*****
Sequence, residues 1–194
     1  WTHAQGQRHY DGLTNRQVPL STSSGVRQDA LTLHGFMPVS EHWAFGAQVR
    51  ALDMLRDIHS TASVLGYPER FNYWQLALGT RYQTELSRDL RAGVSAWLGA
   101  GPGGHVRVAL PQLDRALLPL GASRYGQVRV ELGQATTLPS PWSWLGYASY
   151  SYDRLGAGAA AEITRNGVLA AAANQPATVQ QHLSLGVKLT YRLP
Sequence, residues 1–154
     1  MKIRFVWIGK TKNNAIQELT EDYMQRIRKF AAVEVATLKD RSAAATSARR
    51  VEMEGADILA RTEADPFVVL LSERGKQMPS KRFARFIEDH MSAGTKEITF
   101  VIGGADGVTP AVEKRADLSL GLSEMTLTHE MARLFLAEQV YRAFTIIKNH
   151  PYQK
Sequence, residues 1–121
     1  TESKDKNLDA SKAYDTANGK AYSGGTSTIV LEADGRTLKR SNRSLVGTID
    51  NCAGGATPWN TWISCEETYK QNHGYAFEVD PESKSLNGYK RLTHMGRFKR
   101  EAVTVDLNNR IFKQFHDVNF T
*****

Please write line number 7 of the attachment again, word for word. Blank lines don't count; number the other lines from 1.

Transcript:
     1  MKIRFVWIGK TKNNAIQELT EDYMQRIRKF AAVEVATLKD RSAAATSARR